Teacher expectations and student achievement go together like cheese and crackers. There is simply no way to accomplish all that must be done during the school day if the students are not carrying out routine tasks quickly and efficiently.
I recently received this question through my contact form:
"What is the most effective way to distribute equipment in a K-6 PE setting? I need an efficient plan to hand out equipment quickly and efficiently to all students."
First, let's make an important distinction. Teachers set student expectations all day long for all manner of tasks, but teacher expectations and student achievement when we are talking about the use and handling of objects are potentially the most problematic...especially if the objects are PE equipment that is soooo tempting to throw/roll/lob at other kids. But the same could be said of so many things:
- Pencil sharpeners
- Bathroom soap dispensers
Humans just like to get their hands on stuff and mess with it.
So setting classroom expectations for handling stuff takes a different kind of reinforcement than setting expectations for turning in papers or being quiet during a teacher read-aloud.
Let's get started.
I hope you didn't think that this process would be a short and simple recipe, some magic approach that engenders perfect discipline the first time. Nope...this takes time and repetition, but only up front; after student expectations are set and habits are built, you earn back the time you invested.
Step 1. Arrange the items logically. If the situation calls for it, put some thought into accessibility for the item(s) in question. In our PE example, that might mean lining up the balls on a bench before class. In your classroom, it could mean placing the clipboards in a bin by the door.
Remember, the kids will have to get the items in questions, so put yourself in their place (actually walk through the process) and figure out how to arrange things to avoid pushing and shoving, which leads me to the next step.
Step 2. Consider the "flow." Do the students come up all at the same time? By two's or three's? In a single-file line? Make your arrangement of items match the preferred process for getting them.
TIP: Practice everything yourself before you just go for it and explain it to the kids. Really walk and talk through it; doing this will expose any flaws in your plan.
Step 3. Determine your student expectations. Base this upon your experience with the item in question...or grab a clipboard, ball or jump rope and see how much trouble you can get into with it! Jot down a few notes if needed so you don't forget something.
Now you are ready for the students.
Teacher expectations and student achievement are intimately connected, and a lot of it has to do with your delivery style.
Step 4. Overview the item and it's use and care. Don't be afraid of humor! Give the item a name, call it your friend, say what makes your friend happy or unhappy...use your imagination. Make it brief, but cover all the bases on...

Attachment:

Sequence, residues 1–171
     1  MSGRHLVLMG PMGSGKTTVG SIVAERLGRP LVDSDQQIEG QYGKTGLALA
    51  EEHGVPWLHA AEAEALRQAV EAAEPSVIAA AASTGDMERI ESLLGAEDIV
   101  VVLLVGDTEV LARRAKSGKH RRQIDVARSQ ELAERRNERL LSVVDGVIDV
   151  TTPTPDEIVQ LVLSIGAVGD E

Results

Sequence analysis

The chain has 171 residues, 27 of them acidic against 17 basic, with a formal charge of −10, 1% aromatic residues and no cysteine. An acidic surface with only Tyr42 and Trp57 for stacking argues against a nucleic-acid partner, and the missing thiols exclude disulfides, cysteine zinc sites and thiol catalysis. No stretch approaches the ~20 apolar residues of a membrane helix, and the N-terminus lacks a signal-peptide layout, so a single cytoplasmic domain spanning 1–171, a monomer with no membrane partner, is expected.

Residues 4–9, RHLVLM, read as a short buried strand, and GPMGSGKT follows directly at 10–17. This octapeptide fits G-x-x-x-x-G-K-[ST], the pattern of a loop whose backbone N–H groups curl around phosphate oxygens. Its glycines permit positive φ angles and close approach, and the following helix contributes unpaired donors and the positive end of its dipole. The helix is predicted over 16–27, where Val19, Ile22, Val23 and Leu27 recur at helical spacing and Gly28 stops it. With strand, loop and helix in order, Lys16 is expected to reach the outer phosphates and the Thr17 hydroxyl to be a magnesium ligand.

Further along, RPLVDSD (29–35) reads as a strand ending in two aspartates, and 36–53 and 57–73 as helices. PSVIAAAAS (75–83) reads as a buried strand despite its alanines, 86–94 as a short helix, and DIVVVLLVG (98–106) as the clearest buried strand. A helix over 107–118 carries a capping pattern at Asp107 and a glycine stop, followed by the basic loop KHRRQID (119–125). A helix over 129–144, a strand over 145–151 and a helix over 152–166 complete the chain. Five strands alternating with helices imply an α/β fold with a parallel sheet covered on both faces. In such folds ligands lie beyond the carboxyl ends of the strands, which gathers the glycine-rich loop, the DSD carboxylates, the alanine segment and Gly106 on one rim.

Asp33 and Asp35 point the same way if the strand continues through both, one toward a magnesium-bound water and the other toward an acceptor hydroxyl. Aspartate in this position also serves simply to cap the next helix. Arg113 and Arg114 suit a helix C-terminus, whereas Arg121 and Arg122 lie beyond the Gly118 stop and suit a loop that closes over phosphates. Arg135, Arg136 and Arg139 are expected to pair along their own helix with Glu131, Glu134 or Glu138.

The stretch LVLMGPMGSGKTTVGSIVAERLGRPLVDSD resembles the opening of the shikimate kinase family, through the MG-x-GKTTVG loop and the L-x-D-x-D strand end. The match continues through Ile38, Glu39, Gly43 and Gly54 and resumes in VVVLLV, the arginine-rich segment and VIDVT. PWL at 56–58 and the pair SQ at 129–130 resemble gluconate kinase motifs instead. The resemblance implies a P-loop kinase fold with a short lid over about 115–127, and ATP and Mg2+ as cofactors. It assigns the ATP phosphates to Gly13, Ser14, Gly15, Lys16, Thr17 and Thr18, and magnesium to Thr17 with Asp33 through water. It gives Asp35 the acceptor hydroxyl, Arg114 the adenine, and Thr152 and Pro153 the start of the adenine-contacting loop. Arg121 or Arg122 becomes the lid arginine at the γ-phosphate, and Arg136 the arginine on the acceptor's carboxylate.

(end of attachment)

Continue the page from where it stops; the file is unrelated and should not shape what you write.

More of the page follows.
This is expectation setting...use the phrase "my expectation is..." a few times so you can refer back to it (see step 8).
"I'm gonna throw this ball as soon
as you turn your back!"
Step 5. Model the entire process. Don't talk through the process...show them. Walk the path that they will walk, pick it up the way they should pick it up, use it in the correct manner, then put it away properly. We are visual learners and many elementary students simply cannot translate verbal instructions to personal actions. But show them...and they are much more likely to get it.
Step 6. Model with a few assistants. Draft a few kids from the class to go through the same process you just completed. This time you will be watching and gently correcting if (when!) they make mistakes:
Step 7. Guide the class through the process. Remind them of each step, from the initial line up to where they ultimately end up.
Step 8. Stop...go back...repeat. If it is not going well, start over. And I mean over from the beginning. Put the stuff away, sit back down, remind them and do it all over again. (Sounds similar to teacher expectations and student achievement during the student line up process, doesn't it?)
Never let students practice a process wrong. If you do, you'll never get the performance you are hoping for. As stated above, invest the time now for dividends that last the entire year.
In extreme circumstances, you may spend an entire class practicing (or it may just seem like you did!). And that's OK...somtimes we need more practice to master something and sometimes we have to out-wait the naughties. Kids are smart. In either situation, they'll learn.
That's the basic process. Apply it in varying measures to every expectation you set. Not everything may take all eight steps, but many things will.
In the future? I'll say it again: Repeat, repeat, repeat. Any time expectations are not being met, take the entire class through the process again.
Keep that sense of humor! Patience is your best ally when working on teacher expectations and student achievement.
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